Pope Pius IX, Vatican Council I, 1870, ex cathedra:
“SO, THIS GIFT OF TRUTH AND A NEVER FAILING FAITH WAS DIVINELY CONFERRED UPON PETER AND HIS SUCCESSORS IN THIS CHAIR…”
Pope Pius IX, Vatican Council I, 1870, ex cathedra:
“… the See of St. Peter always remains unimpaired by any error, according to the divine promise of our Lord the Savior made to the chief of His disciples: ‘I have prayed for thee [Peter], that thy faith fail not ...’”
And this truth has been held since the earliest times in the Catholic Church.
Pope St. Gelasius I, epistle 42, or Decretal de recipiendis et non recipiendis libris, 495: “Accordingly, the see of Peter the Apostle of the Church of Rome is first, having neither spot, nor wrinkle, nor anything of this kind (Eph. 5:27).”
The promise of Christ to St. Peter that his faith cannot fail (i.e., is indefectible) presupposes that Peter’s faith – and the office Jesus establishes in Peter – is infallible. For that which is unfailing in matters of faith must be infallible. Papal Infallibility is therefore directly connected to Christ’s promise to St. Peter (and his successors) in Luke 22 concerning Peter’s unfailing Faith. Papal Infallibility is also found in Christ’s promise to Peter in Matthew 16. Jesus declares that whatever Peter binds (i.e., whatever he declares must be held by the universal Church) is also bound in Heaven. Since Heaven cannot bind error, the things St. Peter and his successors bind on the universal Church must always be true. That’s infallibility. Although this truth was believed since the beginning of the Church, it was specifically defined as a dogma at the First Vatican Council in 1870.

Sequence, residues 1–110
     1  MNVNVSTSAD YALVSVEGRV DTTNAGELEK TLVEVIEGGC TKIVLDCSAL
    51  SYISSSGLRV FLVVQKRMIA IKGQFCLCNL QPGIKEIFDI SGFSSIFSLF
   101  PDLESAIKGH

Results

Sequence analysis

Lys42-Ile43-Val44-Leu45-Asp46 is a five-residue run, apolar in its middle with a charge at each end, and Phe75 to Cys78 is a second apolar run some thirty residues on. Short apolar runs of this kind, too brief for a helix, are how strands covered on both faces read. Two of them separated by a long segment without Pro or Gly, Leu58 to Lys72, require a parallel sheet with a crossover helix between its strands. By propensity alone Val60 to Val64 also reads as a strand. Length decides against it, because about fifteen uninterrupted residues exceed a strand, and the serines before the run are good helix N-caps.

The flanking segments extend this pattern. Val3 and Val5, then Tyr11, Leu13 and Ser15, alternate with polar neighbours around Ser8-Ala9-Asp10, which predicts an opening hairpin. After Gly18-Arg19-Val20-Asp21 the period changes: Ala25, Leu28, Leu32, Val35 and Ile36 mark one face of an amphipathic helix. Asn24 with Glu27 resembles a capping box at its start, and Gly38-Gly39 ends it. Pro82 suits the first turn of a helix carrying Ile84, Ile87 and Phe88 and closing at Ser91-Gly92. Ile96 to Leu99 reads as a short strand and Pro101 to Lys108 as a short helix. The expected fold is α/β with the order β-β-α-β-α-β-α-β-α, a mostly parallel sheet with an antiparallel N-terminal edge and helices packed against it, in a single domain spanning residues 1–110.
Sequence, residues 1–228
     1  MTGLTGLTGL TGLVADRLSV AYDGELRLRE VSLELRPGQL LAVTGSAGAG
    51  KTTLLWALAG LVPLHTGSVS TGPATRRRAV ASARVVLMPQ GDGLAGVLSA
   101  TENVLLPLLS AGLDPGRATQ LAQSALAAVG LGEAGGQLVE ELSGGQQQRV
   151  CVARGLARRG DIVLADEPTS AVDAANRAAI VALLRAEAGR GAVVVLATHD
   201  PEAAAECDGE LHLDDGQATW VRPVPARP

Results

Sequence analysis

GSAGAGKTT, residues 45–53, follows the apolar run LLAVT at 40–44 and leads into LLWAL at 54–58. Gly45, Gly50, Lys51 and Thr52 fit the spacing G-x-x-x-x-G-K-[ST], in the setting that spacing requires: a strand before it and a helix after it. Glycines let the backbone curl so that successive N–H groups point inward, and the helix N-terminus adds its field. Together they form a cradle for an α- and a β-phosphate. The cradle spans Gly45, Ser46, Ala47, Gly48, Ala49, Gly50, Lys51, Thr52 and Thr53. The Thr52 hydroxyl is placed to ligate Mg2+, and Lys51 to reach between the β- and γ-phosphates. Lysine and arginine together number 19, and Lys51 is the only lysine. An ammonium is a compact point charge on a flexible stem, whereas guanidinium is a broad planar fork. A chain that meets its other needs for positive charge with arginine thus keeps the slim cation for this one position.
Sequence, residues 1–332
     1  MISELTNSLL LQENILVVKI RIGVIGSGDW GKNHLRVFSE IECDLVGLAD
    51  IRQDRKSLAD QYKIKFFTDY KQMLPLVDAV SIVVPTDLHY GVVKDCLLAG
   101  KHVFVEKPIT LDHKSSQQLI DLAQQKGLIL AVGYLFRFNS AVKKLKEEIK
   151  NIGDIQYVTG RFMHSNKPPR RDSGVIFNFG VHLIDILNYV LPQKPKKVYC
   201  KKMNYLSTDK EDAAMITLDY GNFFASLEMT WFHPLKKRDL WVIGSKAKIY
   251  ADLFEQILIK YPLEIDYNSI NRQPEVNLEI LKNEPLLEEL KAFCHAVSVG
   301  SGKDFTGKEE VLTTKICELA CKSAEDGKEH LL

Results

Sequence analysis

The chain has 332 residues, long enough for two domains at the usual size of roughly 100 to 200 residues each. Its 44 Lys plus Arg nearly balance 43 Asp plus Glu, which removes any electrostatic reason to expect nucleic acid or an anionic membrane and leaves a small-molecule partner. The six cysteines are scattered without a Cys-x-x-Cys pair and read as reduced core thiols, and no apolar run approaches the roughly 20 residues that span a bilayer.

Pope Pius IX, Vatican Council I, 1870, Session 4, Chap. 4: “…the Roman Pontiff, when he speaks ex cathedra [from the Chair of Peter], that is, when carrying out the duty of the pastor and teacher of all Christians in accord with his supreme apostolic authority he explains a doctrine of faith or morals to be held by the universal Church... operates with that infallibility with which the divine Redeemer wished that His Church be instructed in defining doctrine on faith and morals; and so such definitions of the Roman Pontiff from himself, but not from the consensus of the Church, are unalterable.”